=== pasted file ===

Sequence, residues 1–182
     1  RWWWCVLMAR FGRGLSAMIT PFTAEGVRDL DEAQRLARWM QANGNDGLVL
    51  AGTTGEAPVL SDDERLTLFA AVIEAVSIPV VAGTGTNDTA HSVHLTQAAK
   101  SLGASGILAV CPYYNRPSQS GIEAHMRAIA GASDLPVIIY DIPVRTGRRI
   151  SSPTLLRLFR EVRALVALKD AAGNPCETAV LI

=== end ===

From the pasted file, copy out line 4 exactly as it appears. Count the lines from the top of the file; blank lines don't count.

   101  SLGASGILAV CPYYNRPSQS GIEAHMRAIA GASDLPVIIY DIPVRTGRRI